Wednesday, August 21, 2019
Douglas Smith (Kirkland & Ellis LLP) has posted to SSRN his article, A Shift in the Preemption Landscape?, Tenn. L. Rev. (forthcoming). Here is the abstract:
This article discusses the Supreme Court's recent decision in Merck, Sharp & Dohme v. Albrecht and its effect on the law of preemption. The Supreme Court held that judges, not juries, should decide preemption questions. It also issued a series of non-binding statements regarding the standards for preemption. This article discusses the Supreme Court decision and its potential effects on future cases.
Tuesday, August 6, 2019
Judge Dan Polster entertained a motion to certify a Rule 23(b)(3) negotiation class today in the federal Opiate MDL. Here are a few of my thoughts after listening in.
1. I find myself reluctantly agreeing with the distributor defendants (who objected based on predominance) on the following point: you can’t look to the fact that this might be fair to satisfy predominance under Amchem. This is Richard Nagareda’s point about bootstrapping. And Sonya Winner, who argued on behalf of objecting defendants, raises fair questions about conflicts of interest and notice (e.g., that it may be misleading as to what counties and cities will receive under the allocation formula).
- Judge Polster’s repeated question of what alternative do we have is not an answer to the Amchem question.
- Whether the kind of proposal that Francis McGovern and Bill Rubenstein put forward in their article would improve Rule 23 as a general matter (or a rules amendment) is a separate question. I have qualms about it being implemented on an ad hoc basis in the context of judicial common law, but this is a question that merits more thought.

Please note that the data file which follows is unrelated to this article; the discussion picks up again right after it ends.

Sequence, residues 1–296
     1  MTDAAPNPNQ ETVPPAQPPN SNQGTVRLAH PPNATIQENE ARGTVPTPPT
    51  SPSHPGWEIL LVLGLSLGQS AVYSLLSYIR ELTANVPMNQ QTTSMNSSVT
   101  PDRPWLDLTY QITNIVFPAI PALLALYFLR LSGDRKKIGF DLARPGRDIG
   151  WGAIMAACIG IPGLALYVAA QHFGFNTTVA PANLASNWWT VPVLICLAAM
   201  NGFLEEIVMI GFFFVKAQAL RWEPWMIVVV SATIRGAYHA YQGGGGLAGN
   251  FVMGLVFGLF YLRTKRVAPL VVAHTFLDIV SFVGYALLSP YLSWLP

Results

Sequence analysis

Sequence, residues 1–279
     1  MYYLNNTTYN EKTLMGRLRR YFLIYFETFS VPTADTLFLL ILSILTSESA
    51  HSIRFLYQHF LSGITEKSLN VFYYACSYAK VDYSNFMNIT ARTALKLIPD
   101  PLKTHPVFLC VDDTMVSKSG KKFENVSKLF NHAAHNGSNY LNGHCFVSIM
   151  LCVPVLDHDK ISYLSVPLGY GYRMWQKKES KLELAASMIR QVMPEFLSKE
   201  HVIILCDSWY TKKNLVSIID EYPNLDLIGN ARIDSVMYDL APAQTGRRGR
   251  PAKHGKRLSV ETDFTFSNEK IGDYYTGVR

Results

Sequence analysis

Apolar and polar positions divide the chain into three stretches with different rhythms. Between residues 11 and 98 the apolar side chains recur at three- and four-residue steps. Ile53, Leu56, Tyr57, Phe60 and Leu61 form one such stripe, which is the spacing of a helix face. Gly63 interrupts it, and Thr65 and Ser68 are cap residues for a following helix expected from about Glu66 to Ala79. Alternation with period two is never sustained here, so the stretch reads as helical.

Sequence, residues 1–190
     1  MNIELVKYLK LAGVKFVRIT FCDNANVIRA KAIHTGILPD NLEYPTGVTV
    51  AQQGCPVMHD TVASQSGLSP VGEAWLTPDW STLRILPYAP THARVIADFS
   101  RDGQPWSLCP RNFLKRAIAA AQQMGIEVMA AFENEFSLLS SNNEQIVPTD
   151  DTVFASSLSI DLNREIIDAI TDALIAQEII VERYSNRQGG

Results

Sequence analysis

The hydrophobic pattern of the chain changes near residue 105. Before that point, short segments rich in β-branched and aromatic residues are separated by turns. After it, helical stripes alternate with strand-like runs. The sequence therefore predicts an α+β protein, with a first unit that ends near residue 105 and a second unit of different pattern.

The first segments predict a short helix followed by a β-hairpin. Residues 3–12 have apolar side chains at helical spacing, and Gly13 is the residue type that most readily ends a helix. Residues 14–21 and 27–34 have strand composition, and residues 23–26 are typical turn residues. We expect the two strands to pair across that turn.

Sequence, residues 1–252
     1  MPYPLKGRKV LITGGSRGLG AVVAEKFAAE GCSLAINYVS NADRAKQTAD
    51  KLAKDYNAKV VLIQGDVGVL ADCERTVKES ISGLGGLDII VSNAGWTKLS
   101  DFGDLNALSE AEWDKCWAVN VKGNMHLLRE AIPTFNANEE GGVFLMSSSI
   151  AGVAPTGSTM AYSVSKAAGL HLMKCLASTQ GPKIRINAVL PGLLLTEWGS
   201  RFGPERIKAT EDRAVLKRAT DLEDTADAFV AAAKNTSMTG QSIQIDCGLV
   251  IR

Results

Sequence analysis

2. The interplay between the state attorneys general and their local governments is a critical component to all of this. Would local government settlements count as an offset in state AG suits? For an interesting take on this general issue, see Roderick Hills, Jr.’s 1998 article.
3. Judge Polster said that defendants have a “justifiable insistence” on global peace. Why? Is that a fair assumption? When we think we know something, we stop paying attention to it and stop questioning it. But moving from what “is” to what “ought to be” can be a fruitful inquiry. We need an argument as to why and whether global resolution is the correct starting point and for that we need far more evidence.
4. Prediction: Judge Polster will certify the negotiation class, perhaps after tweaking it to help alleviate some of the state AGs concerns. He was its most ardent advocate.
5. If (or when) Judge Polster certifies a negotiation class, he shouldn’t appoint Chris Seeger as co-lead class counsel. One need only follow what is happening now in the NFL Concussion case or read about the Propulsid deal to understand my fears – See Mass Tort Deals Chapters 2 and 5.
- As an aside, Seeger’s review of my book (which incidentally, I didn’t see until going to pull up a link for this post) is hilarious. But hey, thanks for buying it!